If You Live in a Subdivision - If your home is comprised of similar or identical floor plans, built in the same period, simply look at recent sales in your neighborhood subdivision to give you a good idea of what your home is worth.
If You Live in An Older Neighborhood - As neighborhoods change over time each home may be different in minor or substantial ways and you will probably find that there aren't many homes truly comparable to yourown. In this case you may want to consider seeking a Realtor Â® to help you with the pricing process.
If You Decide to Sell On Your Own - A good way to establish a value is to look at homes that have sold in your neighborhood within the past 6 months, including those now on the market. This is how prospective buyers will assess the worth of your home. Also a trip to City Hall can provide you with home sale information in its public records, for most communities.
4. Do Some "Home Shopping" Yourself The best way to learn about your competition and discover what turns buyers off is to check out other open houses. Note floor plans, condition, appearance, size of lot, location and other features. Particularly note, not only the asking prices but what they are actually selling for. Remember, if you're serious about getting your home sold fast, don't price it higher than your neighbor's.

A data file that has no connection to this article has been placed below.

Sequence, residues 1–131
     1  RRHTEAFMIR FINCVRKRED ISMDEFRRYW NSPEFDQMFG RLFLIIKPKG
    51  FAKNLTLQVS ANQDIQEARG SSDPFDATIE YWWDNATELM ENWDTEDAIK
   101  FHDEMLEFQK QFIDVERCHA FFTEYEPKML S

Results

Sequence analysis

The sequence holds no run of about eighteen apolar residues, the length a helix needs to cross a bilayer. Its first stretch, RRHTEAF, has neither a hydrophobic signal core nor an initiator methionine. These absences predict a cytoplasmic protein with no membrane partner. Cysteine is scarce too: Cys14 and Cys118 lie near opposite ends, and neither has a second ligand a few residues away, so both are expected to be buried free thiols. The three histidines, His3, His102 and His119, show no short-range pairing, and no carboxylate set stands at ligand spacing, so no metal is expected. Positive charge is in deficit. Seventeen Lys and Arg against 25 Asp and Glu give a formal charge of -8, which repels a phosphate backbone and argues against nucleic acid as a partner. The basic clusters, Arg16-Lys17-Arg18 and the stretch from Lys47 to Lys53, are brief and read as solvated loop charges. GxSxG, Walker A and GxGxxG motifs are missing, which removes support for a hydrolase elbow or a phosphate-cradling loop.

5. When Getting an Appraisal is a Benefit Sometimes a good appraisal can be a benefit in marketing your home. Getting an appraisal is a good way to let prospective buyers know that your home can be financed. However, an appraisal does cost money, has a limited life, and thereâ€™s no guarantee youâ€™ll like the figure you hear.
6. Tax Assessments - What They Really Mean Some people think that tax assessments are a way of evaluating a home. The difficulty here is that assessments are based on a number of criteria that may not be related to property values, so they may not necessarily reflect your home's true value.